Director, Centre for Business Law; associate professor, Peter A. Allard School of Law, UBC
In an apt turn of phrase, Carol Liao calls COVID-19 the “inequality virus” for worsening global disparities across class, gender and race. “It was only May of last year when that Bloomberg article dubbed Vancouver the anti-Asian hate crime capital of North America,” she says.
As a kid in Surrey and Chilliwack, Liao knew what she would do with her life. Although she had no idea what the job entailed, she told everyone she wanted to be a lawyer. “My family still teases me about this,” says the director of Pacific Canada Heritage Centre – Museum of Migration Society, an anti-racist nonprofit.
Liao went on to earn a law degree from UBC, practising in New York before completing a joint PhD/SJD program at UBC and UofT in 2016. She’s now an internationally recognized scholar. The head of the Centre for Business Law at UBC’s law school has taken her stand again racism beyond classrooms and boardrooms and into media interviews and op-eds, as well as volunteer workshops on equity, diversity and inclusion. She was also a steering committee member for the 2021 National Forum on Anti-Asian Racism, which brought 186 panellists and 2,100 attendees together.
Citing social movements that gained popularity during the pandemic, including Truth and Reconciliation, Black Lives Matter and Stop Asian Hate, Liao deems “ally” a verb, not a noun. “It’s about a redistribution of power,” she says. “These movements have emboldened organizations with a sense of urgency to think about the ways in which we can transform our organizational culture to ensure a safe, just and equitable space for everyone to thrive.”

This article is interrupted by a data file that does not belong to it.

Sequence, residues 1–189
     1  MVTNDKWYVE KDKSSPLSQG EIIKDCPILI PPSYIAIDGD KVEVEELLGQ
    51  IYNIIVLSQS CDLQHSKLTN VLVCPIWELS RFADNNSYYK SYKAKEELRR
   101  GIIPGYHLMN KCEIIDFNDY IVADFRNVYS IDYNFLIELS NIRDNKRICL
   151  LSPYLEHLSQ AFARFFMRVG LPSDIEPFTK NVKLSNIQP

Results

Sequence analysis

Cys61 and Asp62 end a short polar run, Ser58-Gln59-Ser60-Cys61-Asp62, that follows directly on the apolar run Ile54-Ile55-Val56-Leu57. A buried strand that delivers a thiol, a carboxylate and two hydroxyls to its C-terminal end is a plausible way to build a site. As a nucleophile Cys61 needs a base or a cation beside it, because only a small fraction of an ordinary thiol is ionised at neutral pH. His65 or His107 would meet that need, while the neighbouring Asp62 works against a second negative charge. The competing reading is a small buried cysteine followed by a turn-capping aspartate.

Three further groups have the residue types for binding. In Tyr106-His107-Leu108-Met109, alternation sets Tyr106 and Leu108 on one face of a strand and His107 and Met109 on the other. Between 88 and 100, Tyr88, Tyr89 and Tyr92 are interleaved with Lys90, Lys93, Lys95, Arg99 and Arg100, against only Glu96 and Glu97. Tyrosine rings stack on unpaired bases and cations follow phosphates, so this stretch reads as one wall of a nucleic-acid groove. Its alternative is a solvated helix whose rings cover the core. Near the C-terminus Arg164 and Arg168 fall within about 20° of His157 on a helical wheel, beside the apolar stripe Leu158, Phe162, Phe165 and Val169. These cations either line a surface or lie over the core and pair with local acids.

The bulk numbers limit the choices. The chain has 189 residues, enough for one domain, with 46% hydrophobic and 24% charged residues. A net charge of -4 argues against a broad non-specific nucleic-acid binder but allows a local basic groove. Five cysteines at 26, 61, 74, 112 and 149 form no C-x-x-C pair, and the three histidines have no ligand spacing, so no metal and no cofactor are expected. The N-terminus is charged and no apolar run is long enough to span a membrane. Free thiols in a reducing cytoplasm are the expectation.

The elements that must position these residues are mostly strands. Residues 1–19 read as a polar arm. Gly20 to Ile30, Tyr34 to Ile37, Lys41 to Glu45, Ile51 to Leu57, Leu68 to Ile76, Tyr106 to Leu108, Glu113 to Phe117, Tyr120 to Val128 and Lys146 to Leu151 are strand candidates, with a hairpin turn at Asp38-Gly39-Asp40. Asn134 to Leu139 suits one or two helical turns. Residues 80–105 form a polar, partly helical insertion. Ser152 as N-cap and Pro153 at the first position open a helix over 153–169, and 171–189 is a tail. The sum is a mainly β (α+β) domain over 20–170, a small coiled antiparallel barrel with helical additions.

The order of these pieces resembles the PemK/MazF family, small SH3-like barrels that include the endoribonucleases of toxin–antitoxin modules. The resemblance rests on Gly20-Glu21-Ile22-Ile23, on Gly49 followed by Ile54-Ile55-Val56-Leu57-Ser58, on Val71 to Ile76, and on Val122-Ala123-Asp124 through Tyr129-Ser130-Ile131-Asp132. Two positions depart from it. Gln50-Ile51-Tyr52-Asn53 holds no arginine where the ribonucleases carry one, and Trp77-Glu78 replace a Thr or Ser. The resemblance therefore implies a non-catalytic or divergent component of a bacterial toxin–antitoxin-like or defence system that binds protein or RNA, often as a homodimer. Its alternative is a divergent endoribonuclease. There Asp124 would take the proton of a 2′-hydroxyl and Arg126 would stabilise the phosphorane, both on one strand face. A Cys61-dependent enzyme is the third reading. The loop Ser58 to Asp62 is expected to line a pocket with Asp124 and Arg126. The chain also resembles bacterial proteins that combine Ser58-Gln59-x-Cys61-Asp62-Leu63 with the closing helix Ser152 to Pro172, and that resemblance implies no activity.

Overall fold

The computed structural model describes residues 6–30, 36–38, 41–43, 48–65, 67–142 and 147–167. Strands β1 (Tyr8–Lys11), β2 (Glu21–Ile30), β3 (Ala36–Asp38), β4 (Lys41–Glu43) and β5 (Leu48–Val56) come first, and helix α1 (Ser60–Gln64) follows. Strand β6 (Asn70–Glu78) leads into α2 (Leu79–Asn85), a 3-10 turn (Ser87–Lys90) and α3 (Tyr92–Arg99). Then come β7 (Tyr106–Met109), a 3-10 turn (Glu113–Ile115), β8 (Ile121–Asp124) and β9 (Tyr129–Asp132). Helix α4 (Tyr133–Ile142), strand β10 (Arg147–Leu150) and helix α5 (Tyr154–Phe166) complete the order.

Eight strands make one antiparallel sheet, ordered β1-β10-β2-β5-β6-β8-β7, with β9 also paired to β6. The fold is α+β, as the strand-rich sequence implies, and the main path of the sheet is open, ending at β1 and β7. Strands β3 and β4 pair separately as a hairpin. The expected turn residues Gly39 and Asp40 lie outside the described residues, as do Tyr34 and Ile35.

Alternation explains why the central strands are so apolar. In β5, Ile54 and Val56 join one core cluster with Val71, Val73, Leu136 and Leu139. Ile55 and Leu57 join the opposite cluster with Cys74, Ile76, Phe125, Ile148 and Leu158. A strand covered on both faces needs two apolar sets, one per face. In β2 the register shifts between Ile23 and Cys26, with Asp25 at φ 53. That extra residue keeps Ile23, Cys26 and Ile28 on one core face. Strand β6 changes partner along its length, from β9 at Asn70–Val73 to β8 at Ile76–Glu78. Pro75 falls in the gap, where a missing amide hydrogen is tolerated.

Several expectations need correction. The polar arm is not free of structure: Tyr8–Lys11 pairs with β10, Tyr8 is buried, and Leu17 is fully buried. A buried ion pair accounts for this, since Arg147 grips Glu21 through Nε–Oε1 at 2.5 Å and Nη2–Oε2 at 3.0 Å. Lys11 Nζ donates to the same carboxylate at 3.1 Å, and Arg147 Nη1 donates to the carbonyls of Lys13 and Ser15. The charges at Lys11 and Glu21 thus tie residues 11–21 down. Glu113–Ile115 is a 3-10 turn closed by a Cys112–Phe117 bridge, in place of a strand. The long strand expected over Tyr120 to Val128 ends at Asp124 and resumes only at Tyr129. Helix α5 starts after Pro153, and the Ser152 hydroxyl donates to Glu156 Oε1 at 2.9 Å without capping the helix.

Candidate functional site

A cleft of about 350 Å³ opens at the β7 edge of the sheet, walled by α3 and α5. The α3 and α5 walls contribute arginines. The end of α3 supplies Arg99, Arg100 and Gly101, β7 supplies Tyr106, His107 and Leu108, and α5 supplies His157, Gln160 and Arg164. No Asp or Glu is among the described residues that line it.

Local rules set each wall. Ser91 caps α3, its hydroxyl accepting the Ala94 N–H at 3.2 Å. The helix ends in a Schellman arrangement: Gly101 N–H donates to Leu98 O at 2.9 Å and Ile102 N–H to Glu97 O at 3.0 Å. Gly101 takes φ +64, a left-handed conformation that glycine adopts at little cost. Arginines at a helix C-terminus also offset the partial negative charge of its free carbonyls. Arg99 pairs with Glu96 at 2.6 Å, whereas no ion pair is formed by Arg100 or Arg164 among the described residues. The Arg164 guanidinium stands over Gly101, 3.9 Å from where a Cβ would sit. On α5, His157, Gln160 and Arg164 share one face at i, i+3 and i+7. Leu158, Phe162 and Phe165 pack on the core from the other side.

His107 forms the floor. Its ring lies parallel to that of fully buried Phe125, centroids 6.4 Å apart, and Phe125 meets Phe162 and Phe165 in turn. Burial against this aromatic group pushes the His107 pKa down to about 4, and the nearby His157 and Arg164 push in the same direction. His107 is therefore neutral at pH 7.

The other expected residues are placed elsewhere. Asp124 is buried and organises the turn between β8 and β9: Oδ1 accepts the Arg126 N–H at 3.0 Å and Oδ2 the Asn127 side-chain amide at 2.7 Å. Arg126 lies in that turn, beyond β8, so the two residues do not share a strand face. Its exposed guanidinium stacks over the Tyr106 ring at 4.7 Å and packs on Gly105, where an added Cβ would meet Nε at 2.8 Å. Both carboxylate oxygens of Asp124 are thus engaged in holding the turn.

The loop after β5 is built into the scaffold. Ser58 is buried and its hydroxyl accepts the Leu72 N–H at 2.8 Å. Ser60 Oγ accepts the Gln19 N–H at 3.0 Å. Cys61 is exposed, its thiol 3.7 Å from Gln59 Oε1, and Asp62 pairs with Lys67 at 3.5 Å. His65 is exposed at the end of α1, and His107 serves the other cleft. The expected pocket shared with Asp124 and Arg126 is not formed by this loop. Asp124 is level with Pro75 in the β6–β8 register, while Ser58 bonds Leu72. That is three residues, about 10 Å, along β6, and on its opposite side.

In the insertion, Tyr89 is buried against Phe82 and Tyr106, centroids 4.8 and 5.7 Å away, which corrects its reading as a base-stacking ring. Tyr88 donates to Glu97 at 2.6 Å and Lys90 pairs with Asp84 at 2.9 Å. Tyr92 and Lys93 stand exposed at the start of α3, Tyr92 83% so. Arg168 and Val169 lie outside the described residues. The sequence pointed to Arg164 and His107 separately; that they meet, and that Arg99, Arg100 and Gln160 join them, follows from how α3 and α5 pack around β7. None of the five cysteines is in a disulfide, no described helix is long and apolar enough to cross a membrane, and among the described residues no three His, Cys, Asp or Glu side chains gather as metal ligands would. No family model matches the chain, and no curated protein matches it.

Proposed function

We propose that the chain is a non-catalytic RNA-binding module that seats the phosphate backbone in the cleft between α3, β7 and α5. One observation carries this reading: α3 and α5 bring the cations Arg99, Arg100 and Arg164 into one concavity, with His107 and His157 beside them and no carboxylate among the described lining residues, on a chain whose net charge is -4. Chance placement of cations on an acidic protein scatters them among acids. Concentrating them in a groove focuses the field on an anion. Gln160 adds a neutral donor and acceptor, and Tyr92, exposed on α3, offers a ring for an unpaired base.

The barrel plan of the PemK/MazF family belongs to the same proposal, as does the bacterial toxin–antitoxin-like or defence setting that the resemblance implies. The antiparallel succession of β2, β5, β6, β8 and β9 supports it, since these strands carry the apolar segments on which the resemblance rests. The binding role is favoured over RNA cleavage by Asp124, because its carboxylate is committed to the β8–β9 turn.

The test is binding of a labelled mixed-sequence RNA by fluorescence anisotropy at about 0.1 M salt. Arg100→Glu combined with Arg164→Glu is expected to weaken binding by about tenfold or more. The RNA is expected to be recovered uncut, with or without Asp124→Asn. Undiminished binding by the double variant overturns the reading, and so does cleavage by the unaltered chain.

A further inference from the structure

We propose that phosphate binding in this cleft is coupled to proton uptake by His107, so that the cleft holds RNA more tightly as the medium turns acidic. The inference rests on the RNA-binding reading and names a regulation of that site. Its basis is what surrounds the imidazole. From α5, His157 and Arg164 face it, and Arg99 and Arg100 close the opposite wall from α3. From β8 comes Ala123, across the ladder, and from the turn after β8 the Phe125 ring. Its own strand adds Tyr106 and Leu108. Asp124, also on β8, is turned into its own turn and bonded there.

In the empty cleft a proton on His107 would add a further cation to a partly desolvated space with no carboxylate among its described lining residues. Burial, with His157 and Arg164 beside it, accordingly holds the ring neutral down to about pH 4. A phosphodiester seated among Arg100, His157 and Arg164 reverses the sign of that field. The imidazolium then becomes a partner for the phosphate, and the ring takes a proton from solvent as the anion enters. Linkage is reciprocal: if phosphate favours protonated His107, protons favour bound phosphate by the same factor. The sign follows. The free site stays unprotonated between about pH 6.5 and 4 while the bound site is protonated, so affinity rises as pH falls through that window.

Liao, who has given more than 100 talks on sustainable business and EDI, maintains that the former is directly related to the latter but also recognizes the importance of empathy in social justice efforts. “I’m often troubled by how some tend to pit equity groups against each other,” she says. “It’s not the Oppression Olympics.”
Her career was born out of an interest in studying power and systems change, she notes. Liao argues that diversity isn’t about numbers—it’s about having a voice at the table and knowing you have the ability to advance. “As our planetary problems have intergenerational and intersectional effects, the solutions and the path forward must also include intergenerational and intersectional voices.”